Arthur Osver Biography

Arthur Osver




Arthur Osver was born in Chicago, Illinois on July 6, 1912. He studied at the School of the Art Institute of Chicago between 1931 and 1936 with Boris Anisfeld. In 1940, Arthur Osver settled in New York's Greenwich Village and went on to teach at the Brooklyn Museum Art School and then Columbia University. He was awarded the Prix de Rome in 1952, and he visited Italy and France a number

Osver also taught at Yale University and Cooper Union in New York in the late 1950s. Over the decades, his paintings evolved from urban realism, focusing on the smoke-stacks, to a more abstract style, emphasizing the wisps of smoke. He was associated with the Abstract Expressionist during the 1950s.

Osver moved to St. Louis, Missouri, in 1960, hired as Professor of Art at Washington University until his retirement in 1981. He was the third high-profile artist attracted to the university by Dean Kenneth Hudson, who also hired Max Beckmann and Philip Guston.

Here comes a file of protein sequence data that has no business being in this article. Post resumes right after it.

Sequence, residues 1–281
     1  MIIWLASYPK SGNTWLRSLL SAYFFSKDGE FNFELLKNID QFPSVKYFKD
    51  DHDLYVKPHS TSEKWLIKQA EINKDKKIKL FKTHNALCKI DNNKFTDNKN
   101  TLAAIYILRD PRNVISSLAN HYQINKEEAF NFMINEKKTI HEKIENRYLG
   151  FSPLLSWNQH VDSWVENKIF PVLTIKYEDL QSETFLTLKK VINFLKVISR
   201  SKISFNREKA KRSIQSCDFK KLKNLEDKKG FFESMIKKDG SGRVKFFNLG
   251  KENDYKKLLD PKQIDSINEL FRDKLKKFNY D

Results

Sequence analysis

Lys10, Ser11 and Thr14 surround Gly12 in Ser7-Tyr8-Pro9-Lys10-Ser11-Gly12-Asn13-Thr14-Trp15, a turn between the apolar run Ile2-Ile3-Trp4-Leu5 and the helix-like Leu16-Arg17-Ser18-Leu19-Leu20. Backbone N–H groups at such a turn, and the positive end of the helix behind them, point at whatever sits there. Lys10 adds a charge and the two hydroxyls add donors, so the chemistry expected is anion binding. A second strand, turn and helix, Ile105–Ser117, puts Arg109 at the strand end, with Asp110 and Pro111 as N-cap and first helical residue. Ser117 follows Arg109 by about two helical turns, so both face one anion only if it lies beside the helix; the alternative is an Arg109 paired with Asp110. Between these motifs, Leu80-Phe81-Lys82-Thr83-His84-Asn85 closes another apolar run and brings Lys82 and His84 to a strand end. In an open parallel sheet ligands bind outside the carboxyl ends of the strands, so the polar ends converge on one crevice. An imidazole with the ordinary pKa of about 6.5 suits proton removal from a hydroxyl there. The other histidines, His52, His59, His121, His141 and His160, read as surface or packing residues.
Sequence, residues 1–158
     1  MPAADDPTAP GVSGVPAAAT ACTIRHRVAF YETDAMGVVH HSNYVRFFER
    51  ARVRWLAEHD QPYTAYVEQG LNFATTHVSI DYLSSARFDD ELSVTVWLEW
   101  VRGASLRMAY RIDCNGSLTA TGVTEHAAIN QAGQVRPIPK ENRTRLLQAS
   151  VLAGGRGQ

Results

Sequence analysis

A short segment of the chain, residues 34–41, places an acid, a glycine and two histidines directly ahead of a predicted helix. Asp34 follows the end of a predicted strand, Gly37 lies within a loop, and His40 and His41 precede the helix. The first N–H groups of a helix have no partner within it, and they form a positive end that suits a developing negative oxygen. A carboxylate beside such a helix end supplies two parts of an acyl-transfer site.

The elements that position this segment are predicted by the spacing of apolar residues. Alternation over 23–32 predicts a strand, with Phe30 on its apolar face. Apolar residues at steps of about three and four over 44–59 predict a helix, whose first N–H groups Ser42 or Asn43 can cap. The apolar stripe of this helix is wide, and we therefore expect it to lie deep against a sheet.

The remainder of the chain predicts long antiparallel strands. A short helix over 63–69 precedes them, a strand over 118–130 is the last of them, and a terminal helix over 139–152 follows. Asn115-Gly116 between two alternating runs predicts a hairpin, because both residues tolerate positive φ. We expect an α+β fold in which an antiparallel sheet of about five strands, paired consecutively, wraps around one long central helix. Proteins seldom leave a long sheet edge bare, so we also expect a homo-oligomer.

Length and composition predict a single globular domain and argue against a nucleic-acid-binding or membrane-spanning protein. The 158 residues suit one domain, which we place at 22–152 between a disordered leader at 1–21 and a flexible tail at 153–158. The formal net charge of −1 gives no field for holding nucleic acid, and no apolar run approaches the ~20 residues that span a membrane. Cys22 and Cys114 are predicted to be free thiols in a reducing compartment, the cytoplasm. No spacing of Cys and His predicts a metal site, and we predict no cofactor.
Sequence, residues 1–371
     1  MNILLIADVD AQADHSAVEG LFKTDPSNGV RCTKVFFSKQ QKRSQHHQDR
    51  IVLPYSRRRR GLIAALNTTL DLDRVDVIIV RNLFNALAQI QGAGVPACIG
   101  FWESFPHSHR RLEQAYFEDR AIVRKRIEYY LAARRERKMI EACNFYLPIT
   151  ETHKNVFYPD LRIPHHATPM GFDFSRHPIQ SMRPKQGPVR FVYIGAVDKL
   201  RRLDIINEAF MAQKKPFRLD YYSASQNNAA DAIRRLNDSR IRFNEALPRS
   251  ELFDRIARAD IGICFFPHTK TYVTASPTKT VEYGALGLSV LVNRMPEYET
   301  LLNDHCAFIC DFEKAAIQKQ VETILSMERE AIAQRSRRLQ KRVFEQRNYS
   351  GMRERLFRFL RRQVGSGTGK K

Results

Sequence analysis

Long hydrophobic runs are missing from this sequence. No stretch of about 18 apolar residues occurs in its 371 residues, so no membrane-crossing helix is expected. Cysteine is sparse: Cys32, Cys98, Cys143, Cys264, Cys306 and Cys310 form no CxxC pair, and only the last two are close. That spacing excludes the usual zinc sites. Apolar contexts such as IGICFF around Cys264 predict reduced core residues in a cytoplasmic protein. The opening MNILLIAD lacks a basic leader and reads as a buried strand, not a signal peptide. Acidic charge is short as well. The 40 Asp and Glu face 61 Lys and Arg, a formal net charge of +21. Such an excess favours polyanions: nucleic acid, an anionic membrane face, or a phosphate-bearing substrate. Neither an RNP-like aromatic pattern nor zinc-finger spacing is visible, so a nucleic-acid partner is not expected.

Osver's paintings have been collected by the Metropolitan Museum of Art, the Museum of Modern Art, the Whitney Museum and the Art Institute of Chicago. Life magazine ran a full-page reproduction of one painting, and Fortune magazine commissioned another for its cover story on the “Chemical Century”—“a feather in my cap,” Osver called it.

Arthur Osver died on July 24, 2006 in Webster Grove, Missouri.